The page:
The Economist Intelligence Unit’s Global Food Security Index lists Cambodia near the bottom of its rankings, at 90 out of 113 countries evaluated. Cambodia’s relative food insecurity reflects its modest level of economic development, as well as its lack of dietary diversity due to an overreliance on rice and fish. Even in a normal year, one-fifth of the population is food deprived, and undernutrition is widespread.
While the global market could normally provide substitutions for a drought year’s lost fish catch and diminished rice production, the coronavirus pandemic is leading to food shortages and price spikes where domestic supply chains have been disrupted. Demand for staples like rice and flour has surged due to panic-buying. In Cambodia, rice prices in Siem Reap rose 33 percent from March to April. Even in Thailand, which has a significant national stockpile of rice, prices have risen more than 25 percent since the start of the year, hitting their highest levels in seven years. After fish, pork is by far the most widely consumed protein source in Cambodia. But successive outbreaks of African swine fever in China and neighboring Vietnam have limited regional supplies over the last year, driving prices up in impacted markets and in countries like Cambodia that rely on imports.
Rice stockpiles in Thailand and Vietnam appear more than sufficient to meet national needs, but uncertainty around the extent to which the coronavirus will impact regional economies has translated into export bans to ensure domestic food security. In March, Vietnam briefly banned the export of rice, only to replace the ban with an export cap in mid-April. Analysts predict the country’s export volume will drop approximately 40 percent as a result. While Thailand hopes to benefit from increasing rice exports, its government has asked the private sector for support in ensuring that domestic supplies remain robust and banned the export of eggs following reports of localized hoarding. Cambodia has instituted its own measures, announcing an export ban on some types of rice on March 30 and on April 4 extending the ban to include fish exports. Negotiators from members of the Association of Southeast Asian Nations met in early April to discuss rules for maintaining the open trade of agricultural goods but failed to reach a substantive agreement.
From its own assessment, Cambodia should have adequate food stocks to meet national demand; however, the outlook for vulnerable indebted fishing and farming communities is less sanguine. Access and affordability will become increasingly critical issues as the crisis wears on and the economic impacts build. The country’s export bans may provide localized short-term benefits but could also exacerbate supply chain disruptions and result in income loss for farmers and fishermen if not carefully managed. While cities that house the country’s elites and burgeoning middle class should be able to take steps to ensure food availability at reasonable prices, rural communities scattered in villages throughout the countryside may find their local food systems less adaptable.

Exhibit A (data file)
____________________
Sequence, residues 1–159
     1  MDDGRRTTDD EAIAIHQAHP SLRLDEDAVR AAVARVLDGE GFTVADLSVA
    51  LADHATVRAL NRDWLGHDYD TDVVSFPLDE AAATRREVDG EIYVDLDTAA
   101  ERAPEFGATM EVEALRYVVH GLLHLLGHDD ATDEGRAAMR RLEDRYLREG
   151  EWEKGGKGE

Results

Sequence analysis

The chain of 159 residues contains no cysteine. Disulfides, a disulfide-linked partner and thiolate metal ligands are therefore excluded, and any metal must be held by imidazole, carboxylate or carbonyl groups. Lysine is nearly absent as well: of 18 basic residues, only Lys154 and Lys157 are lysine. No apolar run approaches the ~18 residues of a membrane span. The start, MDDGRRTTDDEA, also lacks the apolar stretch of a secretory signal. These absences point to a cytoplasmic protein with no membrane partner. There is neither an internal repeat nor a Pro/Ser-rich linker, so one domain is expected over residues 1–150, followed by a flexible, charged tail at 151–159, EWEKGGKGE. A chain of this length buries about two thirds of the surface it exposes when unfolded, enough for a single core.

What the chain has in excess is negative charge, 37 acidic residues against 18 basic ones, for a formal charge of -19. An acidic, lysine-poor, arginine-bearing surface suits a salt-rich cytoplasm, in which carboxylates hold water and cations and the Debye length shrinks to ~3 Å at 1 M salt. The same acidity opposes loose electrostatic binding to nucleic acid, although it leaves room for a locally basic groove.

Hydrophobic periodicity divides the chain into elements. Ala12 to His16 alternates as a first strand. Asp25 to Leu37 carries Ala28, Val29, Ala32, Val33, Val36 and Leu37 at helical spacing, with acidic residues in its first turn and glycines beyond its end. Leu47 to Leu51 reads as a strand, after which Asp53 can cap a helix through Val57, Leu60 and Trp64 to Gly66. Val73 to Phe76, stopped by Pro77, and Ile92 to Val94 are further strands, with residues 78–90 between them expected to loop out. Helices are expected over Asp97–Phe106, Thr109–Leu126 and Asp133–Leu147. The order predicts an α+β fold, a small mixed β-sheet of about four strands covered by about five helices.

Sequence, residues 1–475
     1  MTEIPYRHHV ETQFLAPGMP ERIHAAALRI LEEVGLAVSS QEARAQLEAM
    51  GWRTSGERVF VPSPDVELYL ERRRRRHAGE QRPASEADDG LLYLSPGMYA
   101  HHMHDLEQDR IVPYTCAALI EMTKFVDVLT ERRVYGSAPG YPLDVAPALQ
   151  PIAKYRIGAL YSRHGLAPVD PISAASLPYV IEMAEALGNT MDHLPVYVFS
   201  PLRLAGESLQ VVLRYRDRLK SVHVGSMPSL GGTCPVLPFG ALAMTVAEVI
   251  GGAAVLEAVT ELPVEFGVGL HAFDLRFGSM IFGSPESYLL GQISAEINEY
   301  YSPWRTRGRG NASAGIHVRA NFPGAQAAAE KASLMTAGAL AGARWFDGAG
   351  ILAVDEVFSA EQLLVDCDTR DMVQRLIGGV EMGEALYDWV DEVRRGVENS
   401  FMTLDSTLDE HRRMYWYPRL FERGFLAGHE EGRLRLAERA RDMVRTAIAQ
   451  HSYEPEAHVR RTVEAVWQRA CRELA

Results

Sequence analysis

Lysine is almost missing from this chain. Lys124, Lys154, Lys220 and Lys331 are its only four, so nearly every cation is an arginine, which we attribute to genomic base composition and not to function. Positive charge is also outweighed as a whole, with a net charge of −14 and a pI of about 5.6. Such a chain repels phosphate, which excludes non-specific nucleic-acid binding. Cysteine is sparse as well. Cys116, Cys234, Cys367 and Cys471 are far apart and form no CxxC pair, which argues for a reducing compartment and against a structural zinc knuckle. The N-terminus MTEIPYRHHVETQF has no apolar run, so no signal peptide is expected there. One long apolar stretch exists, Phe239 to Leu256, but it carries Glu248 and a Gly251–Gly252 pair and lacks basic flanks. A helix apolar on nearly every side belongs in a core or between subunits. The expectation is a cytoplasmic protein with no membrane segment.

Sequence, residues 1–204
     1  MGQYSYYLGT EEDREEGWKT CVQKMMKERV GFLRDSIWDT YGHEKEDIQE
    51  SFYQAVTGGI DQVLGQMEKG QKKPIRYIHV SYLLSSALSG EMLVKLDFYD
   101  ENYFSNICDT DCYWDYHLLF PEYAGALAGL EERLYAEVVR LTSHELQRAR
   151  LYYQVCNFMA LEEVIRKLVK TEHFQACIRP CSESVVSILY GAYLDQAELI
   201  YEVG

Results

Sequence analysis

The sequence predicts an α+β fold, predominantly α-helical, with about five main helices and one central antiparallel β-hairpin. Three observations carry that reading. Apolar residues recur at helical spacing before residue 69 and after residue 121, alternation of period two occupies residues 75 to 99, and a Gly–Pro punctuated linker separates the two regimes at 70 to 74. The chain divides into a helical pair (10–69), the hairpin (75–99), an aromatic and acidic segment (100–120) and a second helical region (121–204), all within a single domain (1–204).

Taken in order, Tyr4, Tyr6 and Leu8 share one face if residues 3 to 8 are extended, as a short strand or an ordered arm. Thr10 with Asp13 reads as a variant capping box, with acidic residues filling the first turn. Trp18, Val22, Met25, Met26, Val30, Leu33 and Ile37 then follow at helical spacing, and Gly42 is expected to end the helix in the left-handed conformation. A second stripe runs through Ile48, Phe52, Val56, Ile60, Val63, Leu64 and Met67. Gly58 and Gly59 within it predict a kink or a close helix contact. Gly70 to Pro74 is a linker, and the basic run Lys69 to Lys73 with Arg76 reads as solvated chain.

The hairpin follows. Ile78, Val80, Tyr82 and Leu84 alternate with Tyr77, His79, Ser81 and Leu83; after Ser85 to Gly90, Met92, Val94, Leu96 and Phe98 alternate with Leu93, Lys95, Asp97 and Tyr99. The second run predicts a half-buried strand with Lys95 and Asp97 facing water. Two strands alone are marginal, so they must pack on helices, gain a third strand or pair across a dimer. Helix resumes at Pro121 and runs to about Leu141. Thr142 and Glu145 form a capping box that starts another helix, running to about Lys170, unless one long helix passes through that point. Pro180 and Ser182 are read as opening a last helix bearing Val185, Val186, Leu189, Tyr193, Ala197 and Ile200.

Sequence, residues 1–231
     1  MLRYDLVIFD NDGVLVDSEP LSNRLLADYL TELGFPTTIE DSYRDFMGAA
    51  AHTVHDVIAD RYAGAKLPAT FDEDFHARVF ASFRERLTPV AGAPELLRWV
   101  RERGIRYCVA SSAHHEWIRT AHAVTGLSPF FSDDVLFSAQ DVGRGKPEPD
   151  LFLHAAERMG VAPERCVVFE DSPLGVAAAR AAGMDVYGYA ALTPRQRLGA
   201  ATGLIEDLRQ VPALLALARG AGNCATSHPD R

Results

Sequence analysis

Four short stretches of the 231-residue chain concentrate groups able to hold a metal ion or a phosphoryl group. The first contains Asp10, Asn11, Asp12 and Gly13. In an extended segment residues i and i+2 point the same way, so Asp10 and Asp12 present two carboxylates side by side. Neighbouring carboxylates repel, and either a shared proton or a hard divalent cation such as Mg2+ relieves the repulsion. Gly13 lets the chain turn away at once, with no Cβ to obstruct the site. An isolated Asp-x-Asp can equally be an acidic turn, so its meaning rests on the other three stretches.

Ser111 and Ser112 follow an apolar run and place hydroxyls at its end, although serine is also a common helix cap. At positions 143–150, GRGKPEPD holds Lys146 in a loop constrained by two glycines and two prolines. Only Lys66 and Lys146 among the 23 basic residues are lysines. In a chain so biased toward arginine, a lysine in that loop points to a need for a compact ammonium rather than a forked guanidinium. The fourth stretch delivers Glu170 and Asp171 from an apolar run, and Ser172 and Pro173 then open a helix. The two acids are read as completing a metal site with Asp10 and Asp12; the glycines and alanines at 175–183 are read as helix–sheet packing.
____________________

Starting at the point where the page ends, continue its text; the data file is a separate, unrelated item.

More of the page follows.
In normal times, market mechanisms and supply chains enable substitutions for shortages or price spikes impacting staple goods—but these are not normal times. Poor Cambodians could be facing an unprecedented confluence of income loss, supply shortages, high food prices, and supply chain disruptions. The government will need to carefully monitor this situation in the near term and should be taking steps to prepare interventions in the event that the country’s farming and fishing communities are unable to provide for themselves.
Once the acute crisis sparked by the coronavirus threat has passed, Cambodia and its neighbors will still be faced with the long-term challenge of ensuring a sustainable and vibrant Mekong River system. While anthropogenic climate change and naturally occurring weather patterns like El Niños are largely beyond policymakers’ control, Mekong governments can act now to implement policies and protocols to mitigate the worst of their impacts in the future. This should include engaging with Beijing to negotiate year-round data-sharing on the river’s level and the operations of China’s upstream dam cascade. It should also include an exploration of alternatives to existing proposals for new dams on the Mekong and its tributaries in Laos, which if built would only worsen the already dwindling fish catch.
The coronavirus pandemic presents a difficult but hopefully short-term food security challenge for Cambodia’s most vulnerable. However, droughts will be a recurring problem for the region that will require a focused response to ensure agricultural crises do not become the norm. For Cambodia, which is so heavily reliant on the natural flood pulse for its food supply, preservation of the river’s natural flow to the Tonle Sap should be a top priority.
Courtney Weatherby is a research analyst with the Stimson Center’s Southeast Asia and energy, water, and sustainability programs. Her research focuses on sustainable infrastructure and energy development challenges in Southeast Asia and the Indo-Pacific, particularly food-water-energy nexus issues in the Greater Mekong Subregion.
John Lichtefeld is a nonresident fellow with the Stimson Center’s Southeast Asia and energy, water, and sustainability programs, as well as a vice president at the Asia Group. His research areas include environmental security and political adaptation to climate change in mainland Southeast Asia.